For those continuing to work from home or for those of us returning to the office, adapting to innovative and new ways of working during this global pandemic is paramount. Ensuring a safe work place means a shift in focus to hygiene. Which raises the question, how clean are our work surfaces?
Interestingly, natural materials such as copper and wood, are in fact the best for both killing off germs and preventing bacteria to breed. Copper and its alloys, such as brass and bronze, have an inherent ability to kill a wide range of harmful microbes relatively rapidly and with a high degree of efficiency. Many of the dozens of different wood extracts have been found to have antibacterial properties, as the lignin that binds the fibres together has an antibacterial effect. In addition, wood surfaces dry fast and this dryness puts bacteria at a disadvantage.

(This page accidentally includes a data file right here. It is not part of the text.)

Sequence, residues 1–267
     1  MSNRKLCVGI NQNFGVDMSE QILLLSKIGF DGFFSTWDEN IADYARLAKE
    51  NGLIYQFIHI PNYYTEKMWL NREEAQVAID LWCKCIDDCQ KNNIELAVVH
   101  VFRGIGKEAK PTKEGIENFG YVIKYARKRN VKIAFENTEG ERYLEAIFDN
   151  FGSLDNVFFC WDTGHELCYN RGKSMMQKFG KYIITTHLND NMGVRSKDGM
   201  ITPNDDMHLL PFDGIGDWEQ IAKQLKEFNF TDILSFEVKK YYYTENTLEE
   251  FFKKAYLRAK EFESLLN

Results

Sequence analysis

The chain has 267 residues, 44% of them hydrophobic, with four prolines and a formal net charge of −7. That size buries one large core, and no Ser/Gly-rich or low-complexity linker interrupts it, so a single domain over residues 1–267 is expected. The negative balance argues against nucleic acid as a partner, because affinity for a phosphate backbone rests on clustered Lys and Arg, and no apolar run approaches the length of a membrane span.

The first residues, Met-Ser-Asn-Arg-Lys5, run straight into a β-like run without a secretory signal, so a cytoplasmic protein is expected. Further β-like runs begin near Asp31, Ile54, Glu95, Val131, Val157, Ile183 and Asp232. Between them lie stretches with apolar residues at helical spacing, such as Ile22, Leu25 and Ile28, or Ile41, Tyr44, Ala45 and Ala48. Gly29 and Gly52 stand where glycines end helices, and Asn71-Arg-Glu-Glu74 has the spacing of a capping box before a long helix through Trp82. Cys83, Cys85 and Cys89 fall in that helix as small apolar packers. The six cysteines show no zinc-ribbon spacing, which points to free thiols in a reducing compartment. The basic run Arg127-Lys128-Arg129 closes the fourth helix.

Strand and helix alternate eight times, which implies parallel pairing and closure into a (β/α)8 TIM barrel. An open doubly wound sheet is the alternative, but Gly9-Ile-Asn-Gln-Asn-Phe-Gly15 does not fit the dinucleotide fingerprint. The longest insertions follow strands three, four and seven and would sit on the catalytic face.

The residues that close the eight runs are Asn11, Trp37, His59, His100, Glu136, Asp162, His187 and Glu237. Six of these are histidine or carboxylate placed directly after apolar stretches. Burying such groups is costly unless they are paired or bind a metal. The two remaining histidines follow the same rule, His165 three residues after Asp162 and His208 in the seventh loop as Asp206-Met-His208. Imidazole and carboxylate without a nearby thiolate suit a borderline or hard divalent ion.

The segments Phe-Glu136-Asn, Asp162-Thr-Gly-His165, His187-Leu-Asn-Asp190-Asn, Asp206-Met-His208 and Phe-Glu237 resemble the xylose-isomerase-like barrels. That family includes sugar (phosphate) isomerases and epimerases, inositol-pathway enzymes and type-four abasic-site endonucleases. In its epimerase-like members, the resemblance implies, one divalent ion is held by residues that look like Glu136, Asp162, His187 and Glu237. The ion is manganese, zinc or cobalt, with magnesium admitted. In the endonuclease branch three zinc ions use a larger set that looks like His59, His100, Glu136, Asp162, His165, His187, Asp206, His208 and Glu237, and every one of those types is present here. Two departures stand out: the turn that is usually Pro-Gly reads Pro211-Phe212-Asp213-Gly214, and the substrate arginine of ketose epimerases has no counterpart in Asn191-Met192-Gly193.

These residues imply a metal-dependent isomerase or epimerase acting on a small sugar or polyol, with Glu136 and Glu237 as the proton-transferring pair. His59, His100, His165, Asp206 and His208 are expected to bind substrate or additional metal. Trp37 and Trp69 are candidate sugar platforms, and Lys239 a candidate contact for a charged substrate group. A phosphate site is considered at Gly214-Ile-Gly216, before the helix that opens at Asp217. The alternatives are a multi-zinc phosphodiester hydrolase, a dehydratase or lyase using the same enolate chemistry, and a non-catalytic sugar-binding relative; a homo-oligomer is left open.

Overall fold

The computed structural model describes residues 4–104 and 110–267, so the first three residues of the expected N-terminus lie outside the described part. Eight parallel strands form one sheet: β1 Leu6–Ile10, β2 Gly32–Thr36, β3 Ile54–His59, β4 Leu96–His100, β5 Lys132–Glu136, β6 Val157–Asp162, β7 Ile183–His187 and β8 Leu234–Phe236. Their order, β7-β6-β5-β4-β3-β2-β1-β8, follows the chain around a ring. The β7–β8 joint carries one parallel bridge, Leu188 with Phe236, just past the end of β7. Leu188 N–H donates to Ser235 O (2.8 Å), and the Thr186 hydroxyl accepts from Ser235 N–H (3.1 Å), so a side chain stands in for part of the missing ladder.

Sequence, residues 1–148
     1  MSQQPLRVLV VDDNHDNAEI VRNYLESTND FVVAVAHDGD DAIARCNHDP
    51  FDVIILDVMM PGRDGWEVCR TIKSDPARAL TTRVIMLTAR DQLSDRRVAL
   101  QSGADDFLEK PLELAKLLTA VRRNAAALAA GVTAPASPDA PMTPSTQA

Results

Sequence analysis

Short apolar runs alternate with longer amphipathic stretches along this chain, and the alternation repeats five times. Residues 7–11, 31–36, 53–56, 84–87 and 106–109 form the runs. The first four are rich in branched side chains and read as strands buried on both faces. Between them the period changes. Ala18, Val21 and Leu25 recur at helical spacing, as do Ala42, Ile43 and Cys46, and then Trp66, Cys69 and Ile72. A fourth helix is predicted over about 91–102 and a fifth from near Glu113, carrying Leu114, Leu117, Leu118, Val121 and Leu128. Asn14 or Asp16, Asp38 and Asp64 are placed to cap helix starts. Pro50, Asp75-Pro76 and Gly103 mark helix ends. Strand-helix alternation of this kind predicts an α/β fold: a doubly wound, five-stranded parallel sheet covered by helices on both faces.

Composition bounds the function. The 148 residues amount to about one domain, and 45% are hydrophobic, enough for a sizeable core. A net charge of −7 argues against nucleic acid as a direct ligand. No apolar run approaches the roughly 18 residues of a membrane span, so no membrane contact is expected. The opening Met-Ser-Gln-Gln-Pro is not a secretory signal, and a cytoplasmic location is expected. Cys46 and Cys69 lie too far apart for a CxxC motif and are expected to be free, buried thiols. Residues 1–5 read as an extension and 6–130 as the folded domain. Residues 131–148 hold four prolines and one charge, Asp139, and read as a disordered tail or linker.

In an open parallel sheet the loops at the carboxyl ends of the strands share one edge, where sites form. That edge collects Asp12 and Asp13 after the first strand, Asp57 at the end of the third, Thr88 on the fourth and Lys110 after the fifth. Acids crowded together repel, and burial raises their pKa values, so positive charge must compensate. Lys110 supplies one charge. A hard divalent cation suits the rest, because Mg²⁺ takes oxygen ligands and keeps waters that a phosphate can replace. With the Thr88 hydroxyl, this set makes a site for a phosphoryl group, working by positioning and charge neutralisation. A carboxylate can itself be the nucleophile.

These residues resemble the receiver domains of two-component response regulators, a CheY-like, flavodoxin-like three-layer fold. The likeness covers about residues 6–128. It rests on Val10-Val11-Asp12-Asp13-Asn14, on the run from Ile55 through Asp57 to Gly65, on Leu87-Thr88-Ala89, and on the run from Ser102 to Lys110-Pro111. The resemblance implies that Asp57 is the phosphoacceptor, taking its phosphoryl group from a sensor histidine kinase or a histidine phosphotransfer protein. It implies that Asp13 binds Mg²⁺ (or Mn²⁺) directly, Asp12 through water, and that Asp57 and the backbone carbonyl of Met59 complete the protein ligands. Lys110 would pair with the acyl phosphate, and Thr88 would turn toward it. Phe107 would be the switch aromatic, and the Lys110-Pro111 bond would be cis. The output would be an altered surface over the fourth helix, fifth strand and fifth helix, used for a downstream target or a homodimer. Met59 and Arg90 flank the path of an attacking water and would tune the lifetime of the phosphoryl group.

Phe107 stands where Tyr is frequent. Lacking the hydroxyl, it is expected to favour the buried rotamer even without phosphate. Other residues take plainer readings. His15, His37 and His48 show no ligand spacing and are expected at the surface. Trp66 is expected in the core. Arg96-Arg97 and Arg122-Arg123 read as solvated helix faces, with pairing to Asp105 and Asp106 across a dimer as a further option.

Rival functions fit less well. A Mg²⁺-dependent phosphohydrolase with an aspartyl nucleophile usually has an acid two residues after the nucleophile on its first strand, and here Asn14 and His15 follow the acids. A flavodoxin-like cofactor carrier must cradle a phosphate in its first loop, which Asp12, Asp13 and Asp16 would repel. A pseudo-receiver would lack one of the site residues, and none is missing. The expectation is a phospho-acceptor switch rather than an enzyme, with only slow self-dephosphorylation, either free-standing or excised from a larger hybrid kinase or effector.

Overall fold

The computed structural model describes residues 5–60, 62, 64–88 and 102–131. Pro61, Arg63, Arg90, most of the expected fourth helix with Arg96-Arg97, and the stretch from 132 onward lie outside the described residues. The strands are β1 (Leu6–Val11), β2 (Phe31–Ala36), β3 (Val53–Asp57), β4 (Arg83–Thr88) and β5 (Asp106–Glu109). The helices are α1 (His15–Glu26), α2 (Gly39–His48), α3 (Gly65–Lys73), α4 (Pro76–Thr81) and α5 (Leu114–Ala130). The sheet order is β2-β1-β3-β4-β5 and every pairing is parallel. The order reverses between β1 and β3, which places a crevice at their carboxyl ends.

Oak, specifically, exhibits a substantial hygienic performance and indicates an antibacterial effect, caused by a combination of the hygroscopic properties of wood and the effect of wood extractives. Oak shows the highest decrease rate in bacterial titre, followed by beech and ash. Think of the traditional Butcher’s Block, made from untreated timber and of which has been used in butchers shops for centuries, now popular in home use.
Bacteria survives the longest on plastic, followed by stainless steel. A recent experiment by the scientists at the University of Wisconsin, found that 99.9% of bacteria placed on wooden chopping boards died out completely within three minutes, whereas the plastic boards had very little effect in terms of killing dangerous microbes.
As furniture designers and makers, we have a responsibility to ensure that the materials we work with and the pieces we produce, fall into this remit of a healthy environment. Our recent research tells us that we are already one step ahead.